Apple's supply chain is crucial to its success, and it's more dependent on it than it's willing to admit

Whether we’re willing to admit it or not, Apple is a juggernaut that can make or break companies on a whim. The recent devastation of Imagination Technologies is proof enough of that.

The thing with the iPhone is that it sells a lot. A lot. Hundreds of millions of units. And that’s just one of Apple’s many product lines. The manufacture and assembly of each component of the iPhone is enough to support a number of companies that serve no other purpose than to supply Apple the parts it needs to build the devices it sells. Some accessories makers, for example, have made a business out of making iPhone cases and nothing else.

In the case if Imagination Technologies, the company designed and built the iPhone’s graphics chips. Apple recently announced that it would start winding down its reliance on Imagination’s chips and that it was already designing its own products. This one piece of news was enough to wipe off over 60 percent of the company’s market cap.

It’s not just Imagination of course. A factory that was to produce sapphire glass for Apple’s iPhones disappeared overnight when Apple dumped the idea.

Now, however, it appears that Apple’s suppliers are biting back.

Take Samsung for instance, it’s simultaneously Apple’s biggest supplier and biggest rival and is the sole source of the OLED (Organic Light Emitting Diode) screens that Apple needs for its upcoming iPhones.

As a Bloomberg report explains, Samsung sells more phones than Apple and competes with Apple in the high-end market. For a company that’s very secretive about its research and new technology, having to hand out classified, confidential technology to a manufacturer that is also its arch-rival must be very irksome.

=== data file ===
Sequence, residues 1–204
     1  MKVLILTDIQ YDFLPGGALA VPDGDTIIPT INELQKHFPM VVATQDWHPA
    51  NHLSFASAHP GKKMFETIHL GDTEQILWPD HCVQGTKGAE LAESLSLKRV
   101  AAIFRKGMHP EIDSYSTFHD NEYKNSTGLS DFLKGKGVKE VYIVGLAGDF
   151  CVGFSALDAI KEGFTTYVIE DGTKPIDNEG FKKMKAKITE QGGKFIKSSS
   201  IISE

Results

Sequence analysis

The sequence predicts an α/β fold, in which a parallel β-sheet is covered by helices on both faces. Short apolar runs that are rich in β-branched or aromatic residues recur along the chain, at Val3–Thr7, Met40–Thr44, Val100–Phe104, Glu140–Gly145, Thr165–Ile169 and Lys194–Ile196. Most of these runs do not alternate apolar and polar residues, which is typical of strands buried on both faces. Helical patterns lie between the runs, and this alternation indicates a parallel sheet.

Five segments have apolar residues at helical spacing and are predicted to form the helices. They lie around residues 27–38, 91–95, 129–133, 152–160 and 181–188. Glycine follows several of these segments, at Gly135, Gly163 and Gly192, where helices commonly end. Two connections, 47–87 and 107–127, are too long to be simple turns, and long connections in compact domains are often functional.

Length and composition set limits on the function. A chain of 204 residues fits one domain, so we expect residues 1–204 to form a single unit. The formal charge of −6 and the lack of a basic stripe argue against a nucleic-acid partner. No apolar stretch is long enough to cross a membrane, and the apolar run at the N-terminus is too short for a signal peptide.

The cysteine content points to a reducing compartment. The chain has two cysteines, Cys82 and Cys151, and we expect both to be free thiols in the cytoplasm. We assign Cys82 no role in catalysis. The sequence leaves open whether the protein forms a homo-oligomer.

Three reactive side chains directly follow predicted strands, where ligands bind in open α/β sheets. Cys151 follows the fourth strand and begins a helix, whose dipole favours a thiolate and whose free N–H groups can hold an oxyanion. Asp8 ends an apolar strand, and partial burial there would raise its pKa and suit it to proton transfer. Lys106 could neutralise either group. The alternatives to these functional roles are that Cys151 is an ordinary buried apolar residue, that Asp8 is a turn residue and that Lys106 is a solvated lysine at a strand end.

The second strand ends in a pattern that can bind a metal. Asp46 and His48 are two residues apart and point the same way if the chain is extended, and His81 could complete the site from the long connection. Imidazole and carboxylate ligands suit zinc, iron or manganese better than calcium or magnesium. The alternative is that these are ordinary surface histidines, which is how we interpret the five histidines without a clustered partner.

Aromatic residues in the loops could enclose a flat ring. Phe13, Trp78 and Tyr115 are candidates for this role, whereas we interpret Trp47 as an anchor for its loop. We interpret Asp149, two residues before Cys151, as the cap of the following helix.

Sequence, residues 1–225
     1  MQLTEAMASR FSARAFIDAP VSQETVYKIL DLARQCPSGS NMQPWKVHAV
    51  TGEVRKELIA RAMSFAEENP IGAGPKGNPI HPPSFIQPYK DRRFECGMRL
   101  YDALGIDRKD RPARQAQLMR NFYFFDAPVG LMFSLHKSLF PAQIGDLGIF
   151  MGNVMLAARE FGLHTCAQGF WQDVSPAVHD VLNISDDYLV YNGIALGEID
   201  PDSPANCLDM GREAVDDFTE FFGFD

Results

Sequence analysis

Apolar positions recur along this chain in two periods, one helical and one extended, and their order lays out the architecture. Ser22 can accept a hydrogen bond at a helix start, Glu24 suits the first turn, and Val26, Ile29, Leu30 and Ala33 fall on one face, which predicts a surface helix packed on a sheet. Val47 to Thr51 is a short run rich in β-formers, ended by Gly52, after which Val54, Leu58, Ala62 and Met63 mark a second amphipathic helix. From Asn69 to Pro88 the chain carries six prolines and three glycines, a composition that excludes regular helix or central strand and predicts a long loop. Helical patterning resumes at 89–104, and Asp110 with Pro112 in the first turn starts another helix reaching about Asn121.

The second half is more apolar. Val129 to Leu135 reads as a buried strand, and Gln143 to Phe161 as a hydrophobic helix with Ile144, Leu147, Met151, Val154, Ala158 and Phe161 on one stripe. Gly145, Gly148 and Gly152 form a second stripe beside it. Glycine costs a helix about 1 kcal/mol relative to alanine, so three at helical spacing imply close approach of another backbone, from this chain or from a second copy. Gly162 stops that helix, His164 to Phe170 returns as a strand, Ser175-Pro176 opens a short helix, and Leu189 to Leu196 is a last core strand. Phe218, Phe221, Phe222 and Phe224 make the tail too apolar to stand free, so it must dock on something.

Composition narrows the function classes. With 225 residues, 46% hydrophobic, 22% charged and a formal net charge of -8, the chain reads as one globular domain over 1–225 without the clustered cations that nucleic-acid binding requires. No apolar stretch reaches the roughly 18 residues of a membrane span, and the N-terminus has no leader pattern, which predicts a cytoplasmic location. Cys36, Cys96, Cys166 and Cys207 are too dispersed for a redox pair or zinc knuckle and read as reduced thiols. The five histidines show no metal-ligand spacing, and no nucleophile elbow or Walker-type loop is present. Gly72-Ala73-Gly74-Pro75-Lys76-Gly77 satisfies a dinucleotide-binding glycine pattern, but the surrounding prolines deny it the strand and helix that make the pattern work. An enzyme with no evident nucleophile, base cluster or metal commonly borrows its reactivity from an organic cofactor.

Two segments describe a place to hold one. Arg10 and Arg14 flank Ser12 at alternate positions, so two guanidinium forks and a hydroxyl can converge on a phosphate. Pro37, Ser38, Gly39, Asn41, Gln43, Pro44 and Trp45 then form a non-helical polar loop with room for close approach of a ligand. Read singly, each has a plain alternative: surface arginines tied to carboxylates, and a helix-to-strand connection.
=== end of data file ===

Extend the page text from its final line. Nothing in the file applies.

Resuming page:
Samsung is getting a lot of money from its dealings with Apple of course. Apple is said to have ordered 100 million Oled panels after all, but the real price is actually higher. Alongside the money, Apple is handing over its technology. When Apple perfects the IR-LED-based, embedded fingerprint sensor, you can bet that Samsung will as well.

A supplier like Samsung can, at will, bring Apple’s iPhone production to a grinding halt if it thought it necessary.

The AirPods are another example of Apple struggling with its supply chain. Apple’s solution to the sacrificed headphone jack was the wireless AirPod. Today, a year after the headphone-jack less iPhone 7 released, supply still hasn’t caught up with demand.

Even when it shifted to USB-C on its MacBooks last year, Apple didn’t have enough supply of its USB-C to USB-A dongles, USB-C to Lightning adapters and others.

Is it any wonder that Apple is working to eliminate its dependence on external suppliers? The company is very interested in nearly bankrupt Toshiba’s fabrication units, has invested heavily in LG’s Display unit and is going out of its way to hire chip designers and engineers.

As oppressive as Apple’s actions may seem to small, dependent manufacturers, it doesn’t seem like Apple has much of a choice in the matter either.

Published Date: Apr 20, 2017 12:53 PM | Updated Date: Apr 20, 2017 12:53 PM